David Bourget (Western Ontario)
David Chalmers (ANU, NYU)
Rafael De Clercq
Ezio Di Nucci
Jonathan Jenkins Ichikawa
Jack Alan Reynolds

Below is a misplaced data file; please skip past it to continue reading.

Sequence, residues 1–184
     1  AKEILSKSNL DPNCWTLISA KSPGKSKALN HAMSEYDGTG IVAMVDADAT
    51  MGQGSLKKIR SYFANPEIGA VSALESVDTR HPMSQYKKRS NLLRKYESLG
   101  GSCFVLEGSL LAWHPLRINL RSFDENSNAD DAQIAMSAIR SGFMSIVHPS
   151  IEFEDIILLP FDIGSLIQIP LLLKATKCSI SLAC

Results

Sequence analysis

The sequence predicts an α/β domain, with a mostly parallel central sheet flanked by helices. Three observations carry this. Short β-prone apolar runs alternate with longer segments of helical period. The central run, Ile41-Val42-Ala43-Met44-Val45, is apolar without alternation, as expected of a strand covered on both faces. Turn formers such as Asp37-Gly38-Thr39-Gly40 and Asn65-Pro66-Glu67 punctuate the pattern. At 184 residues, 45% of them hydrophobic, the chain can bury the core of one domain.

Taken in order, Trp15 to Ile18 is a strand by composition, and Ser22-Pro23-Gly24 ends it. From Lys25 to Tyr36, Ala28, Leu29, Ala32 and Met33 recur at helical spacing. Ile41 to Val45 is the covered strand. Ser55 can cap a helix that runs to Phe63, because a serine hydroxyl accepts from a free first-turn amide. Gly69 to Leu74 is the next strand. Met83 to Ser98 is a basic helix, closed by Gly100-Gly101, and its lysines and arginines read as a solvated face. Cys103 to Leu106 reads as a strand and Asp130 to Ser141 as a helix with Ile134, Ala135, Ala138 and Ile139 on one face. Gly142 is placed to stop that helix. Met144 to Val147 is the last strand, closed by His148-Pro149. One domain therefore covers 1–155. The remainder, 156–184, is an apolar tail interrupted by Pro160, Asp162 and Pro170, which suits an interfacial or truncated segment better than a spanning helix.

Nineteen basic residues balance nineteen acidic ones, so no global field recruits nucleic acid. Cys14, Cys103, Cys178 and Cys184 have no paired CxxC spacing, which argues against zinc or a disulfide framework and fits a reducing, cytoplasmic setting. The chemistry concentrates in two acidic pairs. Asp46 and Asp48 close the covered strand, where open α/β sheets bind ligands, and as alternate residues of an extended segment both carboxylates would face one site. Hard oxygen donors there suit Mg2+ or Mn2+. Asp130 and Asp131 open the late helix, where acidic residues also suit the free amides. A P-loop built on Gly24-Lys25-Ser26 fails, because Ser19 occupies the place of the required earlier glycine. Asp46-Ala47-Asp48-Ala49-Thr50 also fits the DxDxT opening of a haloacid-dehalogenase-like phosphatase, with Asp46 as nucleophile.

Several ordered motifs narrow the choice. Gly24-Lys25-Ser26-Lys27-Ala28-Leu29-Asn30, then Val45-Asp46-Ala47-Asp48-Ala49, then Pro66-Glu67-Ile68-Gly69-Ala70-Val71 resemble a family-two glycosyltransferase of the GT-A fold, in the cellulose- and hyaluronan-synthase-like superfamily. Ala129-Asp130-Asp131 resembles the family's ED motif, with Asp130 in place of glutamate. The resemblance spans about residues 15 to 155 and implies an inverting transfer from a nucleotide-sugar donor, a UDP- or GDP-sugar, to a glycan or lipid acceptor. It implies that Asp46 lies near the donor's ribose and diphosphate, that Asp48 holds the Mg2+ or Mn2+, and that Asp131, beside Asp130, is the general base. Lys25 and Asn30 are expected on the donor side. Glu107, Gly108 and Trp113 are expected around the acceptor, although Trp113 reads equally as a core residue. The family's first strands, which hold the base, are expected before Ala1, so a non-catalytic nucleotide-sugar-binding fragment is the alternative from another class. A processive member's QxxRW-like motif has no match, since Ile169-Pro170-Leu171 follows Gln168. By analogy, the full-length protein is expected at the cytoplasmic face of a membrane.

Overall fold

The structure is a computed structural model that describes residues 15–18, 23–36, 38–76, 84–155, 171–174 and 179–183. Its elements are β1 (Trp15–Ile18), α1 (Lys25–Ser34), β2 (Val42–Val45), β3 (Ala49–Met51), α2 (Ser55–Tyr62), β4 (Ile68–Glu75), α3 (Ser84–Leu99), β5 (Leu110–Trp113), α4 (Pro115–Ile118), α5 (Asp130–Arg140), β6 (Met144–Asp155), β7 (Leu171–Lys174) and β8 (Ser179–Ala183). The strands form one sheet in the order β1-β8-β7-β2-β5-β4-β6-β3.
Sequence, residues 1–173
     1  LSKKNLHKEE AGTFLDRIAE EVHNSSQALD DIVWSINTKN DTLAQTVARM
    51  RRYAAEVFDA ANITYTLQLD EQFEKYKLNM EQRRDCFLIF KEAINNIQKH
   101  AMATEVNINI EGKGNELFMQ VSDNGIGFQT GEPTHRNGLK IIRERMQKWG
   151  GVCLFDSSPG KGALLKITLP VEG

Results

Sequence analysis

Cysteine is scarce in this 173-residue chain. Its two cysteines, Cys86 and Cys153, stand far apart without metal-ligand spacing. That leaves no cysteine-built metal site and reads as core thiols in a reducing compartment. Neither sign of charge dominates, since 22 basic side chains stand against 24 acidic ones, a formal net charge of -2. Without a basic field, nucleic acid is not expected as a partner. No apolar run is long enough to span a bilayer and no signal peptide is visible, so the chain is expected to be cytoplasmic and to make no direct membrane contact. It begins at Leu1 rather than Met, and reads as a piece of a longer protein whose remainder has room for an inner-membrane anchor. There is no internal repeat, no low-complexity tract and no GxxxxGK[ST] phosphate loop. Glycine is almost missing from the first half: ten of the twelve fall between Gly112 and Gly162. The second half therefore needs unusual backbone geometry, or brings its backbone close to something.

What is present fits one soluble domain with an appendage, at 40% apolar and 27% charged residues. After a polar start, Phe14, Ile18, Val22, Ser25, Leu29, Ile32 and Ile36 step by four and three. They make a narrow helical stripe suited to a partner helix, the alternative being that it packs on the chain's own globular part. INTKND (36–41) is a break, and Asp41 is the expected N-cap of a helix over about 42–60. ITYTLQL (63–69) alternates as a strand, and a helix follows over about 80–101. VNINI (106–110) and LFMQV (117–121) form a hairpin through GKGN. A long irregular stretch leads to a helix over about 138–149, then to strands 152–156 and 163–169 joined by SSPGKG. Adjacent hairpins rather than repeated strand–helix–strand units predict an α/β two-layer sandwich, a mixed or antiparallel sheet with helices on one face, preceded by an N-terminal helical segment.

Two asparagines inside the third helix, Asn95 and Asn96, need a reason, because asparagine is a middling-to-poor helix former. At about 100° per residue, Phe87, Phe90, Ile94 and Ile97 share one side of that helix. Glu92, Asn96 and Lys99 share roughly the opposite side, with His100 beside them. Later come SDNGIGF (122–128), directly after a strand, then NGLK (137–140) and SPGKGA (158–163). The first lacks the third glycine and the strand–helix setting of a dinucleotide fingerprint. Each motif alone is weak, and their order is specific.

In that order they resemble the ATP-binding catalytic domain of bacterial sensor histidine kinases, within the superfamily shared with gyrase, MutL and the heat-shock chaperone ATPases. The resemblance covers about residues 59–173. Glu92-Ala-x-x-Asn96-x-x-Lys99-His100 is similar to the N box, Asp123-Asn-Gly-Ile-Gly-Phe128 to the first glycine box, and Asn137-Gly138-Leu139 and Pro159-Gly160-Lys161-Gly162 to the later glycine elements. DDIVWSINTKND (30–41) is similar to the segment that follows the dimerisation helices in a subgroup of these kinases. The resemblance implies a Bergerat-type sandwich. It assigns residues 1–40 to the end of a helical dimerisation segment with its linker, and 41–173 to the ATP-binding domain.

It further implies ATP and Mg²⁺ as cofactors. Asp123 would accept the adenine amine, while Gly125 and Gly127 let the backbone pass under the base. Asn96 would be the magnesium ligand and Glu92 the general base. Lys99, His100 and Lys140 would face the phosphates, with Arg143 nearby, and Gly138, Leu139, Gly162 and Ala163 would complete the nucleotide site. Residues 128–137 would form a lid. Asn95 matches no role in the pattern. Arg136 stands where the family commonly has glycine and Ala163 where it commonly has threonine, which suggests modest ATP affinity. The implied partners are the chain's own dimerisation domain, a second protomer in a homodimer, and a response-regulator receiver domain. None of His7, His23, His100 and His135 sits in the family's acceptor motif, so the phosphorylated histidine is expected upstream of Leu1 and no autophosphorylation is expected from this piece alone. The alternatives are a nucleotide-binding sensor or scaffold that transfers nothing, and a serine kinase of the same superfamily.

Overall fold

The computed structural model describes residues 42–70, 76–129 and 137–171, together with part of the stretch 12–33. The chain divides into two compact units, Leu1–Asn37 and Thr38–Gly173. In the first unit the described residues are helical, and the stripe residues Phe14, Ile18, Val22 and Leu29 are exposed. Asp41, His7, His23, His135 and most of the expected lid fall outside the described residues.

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My contention is that considering a person to be co-located with an organism, or one of its\nspatial or temporal parts, gives rise to a host of problems as a result of there then being too many\nthinkers. These problems, which Olson has emphasized, can be mitigated (somewhat) by a\nNoonan-style pronoun revisionism. But doing so will have very unwelcome consequences for\nbioethics as autonomy, informed consent, advance directives and substituted judgment will be\nimpossible for the human animal. I count it as a point in favor of Olson’s answer to the\nmetaphysical question “What are we?” that it avoids such ethical quandaries. But his animalism -\nwith its Parfit-inspired claim that it is not identity that matters in survival but the continuation of\nour psychology even if someone else is its subject - appears to be at odds with our self-conception\nand practical concerns. And if the only argument for this thesis is the fission scenario, then the\nthesis is further undermined as Parfit’s account of fission runs afoul of Wiggins’s Only a and b\nrule. What I will very tentatively suggest is that we explore two (incompatible) accounts of\nanimalism which deny that being identical to a future being is only of derivative importance to us.
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